Friday, June 7, 2024

Tuberculosis and Children in 1930s Texas by Michelle Shocklee

My husband and I are getting over a virus that produces an annoying cough. We've had it for a week now, with no end to the coughing in sight. I made the comment the other day that our home sounded like a tuberculosis sanatorium.  

As soon as the words were out of my mouth, however, I realized how vastly different an annoying cough is from the cough of a consumptive. With modern medicines, vaccines, and medical care, we don't fear a cough the way people used to less than one hundred years ago. A persistent cough back then may not just be an annoyance. It could be the precursor to a terrible death. 

Pamphlet for The Children's Hospital;
all photos by Michelle Shocklee

My own family was affected by the horrible realities of tuberculosis. My grandfather died from the disease in 1932, and my father, just a boy at the time, was sent to a tuberculosis sanatorium, along with his older sister, for preventative care. While I don't have details about the time my dad and aunt spent at the sanatorium, the information in the pamphlet for the hospital that was given to my grandmother provides enough information to imagine what it must have been like. 

The Children's Hospital, located one mile from San Angelo, Texas, was established in the fall of 1930 and formed in integral part of the State Tuberculosis Sanatorium. The hospital consisted of two large dormitories, one for girls and one for boys, with approximately 16 beds for children in each of the eight large, airy wards. Each dormitory had four spacious screened sun porches, so arranged that the beds in the wards could be easily moved out on them. Lavatories were located conveniently and individual steel lockers were provided for the children's clothing and personal belongings.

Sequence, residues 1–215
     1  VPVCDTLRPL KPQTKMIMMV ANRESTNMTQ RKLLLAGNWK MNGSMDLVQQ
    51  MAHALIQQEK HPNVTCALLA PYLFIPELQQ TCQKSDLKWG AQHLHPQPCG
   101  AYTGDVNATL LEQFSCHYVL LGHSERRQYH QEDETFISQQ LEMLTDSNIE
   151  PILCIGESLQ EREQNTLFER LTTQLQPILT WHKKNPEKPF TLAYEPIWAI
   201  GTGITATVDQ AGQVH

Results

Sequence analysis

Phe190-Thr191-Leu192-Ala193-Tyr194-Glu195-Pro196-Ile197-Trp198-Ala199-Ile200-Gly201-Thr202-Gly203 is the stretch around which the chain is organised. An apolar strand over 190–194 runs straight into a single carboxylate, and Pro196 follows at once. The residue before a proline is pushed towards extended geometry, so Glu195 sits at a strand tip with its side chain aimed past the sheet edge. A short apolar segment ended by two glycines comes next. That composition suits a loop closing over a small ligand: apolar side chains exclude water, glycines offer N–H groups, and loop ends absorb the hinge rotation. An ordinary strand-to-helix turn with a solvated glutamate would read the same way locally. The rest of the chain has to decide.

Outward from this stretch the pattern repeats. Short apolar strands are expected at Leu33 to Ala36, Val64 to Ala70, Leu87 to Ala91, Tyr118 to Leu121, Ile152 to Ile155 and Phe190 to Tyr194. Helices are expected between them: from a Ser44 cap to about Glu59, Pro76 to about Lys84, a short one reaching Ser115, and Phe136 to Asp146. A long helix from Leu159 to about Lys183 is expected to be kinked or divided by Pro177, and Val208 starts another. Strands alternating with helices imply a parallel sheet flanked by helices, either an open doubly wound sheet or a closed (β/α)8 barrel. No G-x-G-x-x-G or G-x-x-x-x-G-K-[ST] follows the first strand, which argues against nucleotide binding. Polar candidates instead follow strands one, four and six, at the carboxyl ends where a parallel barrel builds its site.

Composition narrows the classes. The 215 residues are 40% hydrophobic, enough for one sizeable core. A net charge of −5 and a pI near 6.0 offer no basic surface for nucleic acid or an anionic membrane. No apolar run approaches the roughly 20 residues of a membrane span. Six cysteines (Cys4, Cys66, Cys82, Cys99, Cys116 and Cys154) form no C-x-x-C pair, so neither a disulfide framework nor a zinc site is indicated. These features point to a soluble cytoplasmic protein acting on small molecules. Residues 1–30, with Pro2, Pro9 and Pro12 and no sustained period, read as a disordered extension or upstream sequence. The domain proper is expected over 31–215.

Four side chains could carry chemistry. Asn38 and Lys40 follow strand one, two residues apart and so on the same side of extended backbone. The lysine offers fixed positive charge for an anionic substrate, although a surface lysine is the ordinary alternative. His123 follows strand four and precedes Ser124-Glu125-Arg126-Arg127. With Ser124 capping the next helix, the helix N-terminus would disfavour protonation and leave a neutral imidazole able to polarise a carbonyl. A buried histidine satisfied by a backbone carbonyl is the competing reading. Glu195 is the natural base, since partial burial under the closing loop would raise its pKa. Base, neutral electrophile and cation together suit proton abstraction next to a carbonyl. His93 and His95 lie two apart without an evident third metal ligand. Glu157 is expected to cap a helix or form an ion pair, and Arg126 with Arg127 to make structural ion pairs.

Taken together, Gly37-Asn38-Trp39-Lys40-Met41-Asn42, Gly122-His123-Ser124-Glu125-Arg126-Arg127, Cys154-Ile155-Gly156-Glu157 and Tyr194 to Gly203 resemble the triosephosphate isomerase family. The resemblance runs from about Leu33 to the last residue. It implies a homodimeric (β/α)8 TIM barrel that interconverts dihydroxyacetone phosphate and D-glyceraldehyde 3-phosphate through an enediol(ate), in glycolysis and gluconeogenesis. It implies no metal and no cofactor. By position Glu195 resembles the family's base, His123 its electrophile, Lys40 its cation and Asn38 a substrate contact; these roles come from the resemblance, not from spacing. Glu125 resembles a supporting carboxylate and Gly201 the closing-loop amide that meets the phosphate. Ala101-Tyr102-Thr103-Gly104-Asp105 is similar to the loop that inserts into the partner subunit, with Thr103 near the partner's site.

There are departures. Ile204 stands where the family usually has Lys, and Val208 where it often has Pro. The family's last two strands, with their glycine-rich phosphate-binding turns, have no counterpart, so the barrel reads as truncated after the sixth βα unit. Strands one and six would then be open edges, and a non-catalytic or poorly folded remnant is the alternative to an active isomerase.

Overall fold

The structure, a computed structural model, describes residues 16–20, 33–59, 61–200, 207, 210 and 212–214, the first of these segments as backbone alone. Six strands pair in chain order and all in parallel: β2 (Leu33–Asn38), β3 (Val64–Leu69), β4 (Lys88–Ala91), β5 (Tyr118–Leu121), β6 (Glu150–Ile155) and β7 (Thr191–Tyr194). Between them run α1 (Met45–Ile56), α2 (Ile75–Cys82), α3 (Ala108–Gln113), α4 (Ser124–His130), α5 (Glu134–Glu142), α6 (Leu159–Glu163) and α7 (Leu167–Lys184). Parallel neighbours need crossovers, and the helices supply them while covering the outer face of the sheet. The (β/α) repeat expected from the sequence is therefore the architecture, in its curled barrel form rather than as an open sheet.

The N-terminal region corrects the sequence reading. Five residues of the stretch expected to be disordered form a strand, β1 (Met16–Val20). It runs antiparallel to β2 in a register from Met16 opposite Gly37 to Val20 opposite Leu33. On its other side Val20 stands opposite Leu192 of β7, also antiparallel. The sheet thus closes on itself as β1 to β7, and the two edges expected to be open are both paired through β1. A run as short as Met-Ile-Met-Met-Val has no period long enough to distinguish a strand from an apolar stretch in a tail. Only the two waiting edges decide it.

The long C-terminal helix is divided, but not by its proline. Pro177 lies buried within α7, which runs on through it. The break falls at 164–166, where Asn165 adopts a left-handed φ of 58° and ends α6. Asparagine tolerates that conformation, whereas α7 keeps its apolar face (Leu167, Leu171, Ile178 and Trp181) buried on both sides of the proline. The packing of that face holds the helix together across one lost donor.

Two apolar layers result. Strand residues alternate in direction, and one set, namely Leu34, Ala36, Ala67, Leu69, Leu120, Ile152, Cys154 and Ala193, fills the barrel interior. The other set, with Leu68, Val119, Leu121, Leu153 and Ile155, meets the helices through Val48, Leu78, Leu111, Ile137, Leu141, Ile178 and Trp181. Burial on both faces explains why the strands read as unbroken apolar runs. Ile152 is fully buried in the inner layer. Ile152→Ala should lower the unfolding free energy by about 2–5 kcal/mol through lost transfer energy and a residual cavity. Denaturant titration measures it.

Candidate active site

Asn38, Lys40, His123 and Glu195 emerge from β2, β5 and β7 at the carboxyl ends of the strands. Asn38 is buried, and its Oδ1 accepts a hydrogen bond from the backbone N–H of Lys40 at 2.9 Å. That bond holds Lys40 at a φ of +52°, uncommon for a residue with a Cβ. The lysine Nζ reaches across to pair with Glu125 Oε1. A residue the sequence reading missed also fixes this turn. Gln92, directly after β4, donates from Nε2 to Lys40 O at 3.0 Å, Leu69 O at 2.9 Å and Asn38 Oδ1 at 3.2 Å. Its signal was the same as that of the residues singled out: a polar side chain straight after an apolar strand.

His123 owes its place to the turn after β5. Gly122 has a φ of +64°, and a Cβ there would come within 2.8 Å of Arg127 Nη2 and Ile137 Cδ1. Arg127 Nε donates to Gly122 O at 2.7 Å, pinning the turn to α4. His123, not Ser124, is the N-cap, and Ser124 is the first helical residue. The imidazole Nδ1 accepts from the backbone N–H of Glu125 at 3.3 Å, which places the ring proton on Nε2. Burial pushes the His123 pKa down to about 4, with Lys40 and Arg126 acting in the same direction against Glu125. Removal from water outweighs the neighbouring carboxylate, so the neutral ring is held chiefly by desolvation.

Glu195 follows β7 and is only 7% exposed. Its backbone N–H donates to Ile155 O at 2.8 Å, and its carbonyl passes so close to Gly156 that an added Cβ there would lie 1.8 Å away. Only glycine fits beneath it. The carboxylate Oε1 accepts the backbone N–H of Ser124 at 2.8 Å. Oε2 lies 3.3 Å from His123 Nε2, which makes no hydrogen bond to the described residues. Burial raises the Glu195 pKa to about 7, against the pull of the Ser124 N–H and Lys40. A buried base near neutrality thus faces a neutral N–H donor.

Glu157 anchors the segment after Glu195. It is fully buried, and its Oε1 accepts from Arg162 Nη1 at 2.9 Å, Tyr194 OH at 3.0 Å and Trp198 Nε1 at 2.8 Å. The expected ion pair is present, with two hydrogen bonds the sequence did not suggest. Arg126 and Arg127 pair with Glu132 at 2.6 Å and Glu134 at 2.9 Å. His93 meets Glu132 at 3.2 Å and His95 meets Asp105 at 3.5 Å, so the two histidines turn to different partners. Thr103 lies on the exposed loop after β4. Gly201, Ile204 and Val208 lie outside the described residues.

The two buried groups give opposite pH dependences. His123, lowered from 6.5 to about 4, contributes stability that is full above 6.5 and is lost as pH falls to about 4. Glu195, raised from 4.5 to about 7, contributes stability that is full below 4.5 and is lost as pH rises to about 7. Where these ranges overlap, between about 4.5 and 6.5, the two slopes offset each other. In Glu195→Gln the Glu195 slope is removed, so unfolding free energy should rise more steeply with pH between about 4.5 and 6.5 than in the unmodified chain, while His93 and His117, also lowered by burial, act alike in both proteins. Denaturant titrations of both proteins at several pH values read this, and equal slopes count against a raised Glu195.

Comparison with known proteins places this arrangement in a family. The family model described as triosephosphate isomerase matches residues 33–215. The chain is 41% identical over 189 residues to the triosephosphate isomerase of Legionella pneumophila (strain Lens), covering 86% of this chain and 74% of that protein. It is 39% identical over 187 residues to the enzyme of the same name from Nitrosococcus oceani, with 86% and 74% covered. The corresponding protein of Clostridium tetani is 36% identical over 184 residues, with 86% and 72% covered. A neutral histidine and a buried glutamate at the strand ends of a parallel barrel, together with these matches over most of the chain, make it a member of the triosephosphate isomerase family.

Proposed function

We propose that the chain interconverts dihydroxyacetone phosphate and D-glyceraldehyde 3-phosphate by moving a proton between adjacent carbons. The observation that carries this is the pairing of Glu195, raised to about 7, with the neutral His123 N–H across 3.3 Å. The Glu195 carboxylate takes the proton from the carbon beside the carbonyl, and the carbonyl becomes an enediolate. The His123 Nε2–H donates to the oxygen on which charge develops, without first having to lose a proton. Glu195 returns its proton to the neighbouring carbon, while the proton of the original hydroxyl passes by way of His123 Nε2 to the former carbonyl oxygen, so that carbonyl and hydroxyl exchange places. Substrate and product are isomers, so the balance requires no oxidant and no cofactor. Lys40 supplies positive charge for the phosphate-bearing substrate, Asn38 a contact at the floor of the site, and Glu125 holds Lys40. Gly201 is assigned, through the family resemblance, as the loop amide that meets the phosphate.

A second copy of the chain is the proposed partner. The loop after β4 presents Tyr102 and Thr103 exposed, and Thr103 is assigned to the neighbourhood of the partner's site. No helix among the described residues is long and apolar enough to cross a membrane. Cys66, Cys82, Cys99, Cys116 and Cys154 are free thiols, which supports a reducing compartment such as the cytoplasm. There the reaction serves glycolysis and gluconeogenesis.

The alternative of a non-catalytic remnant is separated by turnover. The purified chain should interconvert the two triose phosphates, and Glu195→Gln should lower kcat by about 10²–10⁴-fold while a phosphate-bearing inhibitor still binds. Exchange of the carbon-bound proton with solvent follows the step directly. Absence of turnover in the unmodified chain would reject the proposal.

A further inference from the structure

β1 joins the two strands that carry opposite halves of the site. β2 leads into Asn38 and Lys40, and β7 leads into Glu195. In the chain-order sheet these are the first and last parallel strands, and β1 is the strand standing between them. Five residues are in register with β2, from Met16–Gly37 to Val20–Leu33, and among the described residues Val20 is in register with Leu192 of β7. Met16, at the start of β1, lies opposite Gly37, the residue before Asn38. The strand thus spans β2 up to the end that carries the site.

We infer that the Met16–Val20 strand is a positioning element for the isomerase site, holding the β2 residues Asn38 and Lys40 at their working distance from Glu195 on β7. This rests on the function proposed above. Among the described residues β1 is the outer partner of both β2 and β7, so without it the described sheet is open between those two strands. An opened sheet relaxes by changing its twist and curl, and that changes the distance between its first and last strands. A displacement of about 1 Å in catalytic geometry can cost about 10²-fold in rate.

A cafeteria was located between the boys' and girls' wings of the building and provided a well-balanced diet suited to the children's needs. Directly above the cafeteria was a medical clinic where typical childhood illnesses and accidents were treated. 

One of the unique and important features of the children's building were the four school rooms. Located near the dormitory wards, these educational rooms were furnished with desks, chairs, blackboards, maps, charts, and other teaching aids. Three hours in the morning and one hour in the afternoon were dedicated to school. There was also a recreational hall, playground, and a library nearby. 

Who could be admitted to the sanatorium? 

According to the pamphlet: "Children eligible for admission to the Children's Hospital are limited to...(a) sub-standard children of tuberculosis parents; (b) sub-standard children with positive skin tests or children who show definite signs of tuberculosis; (c) children who show tuberculous infection and would otherwise be forced to live in a home with an open case of consumptive."

My grandfather was an itinerate Baptist preacher in Abilene, Texas. He often traveled throughout west Texas and east New Mexico sharing the gospel message, which is no doubt how he contracted tuberculosis. I don't know which of the above descriptions allowed my dad and aunt to be admitted to the hospital, but I suspect it was A, especially if "sub-standard" meant poor.  

Sadly, black children were not eligible for admission on any basis. However, a few years later a sanatorium for African Americans was opened nearby.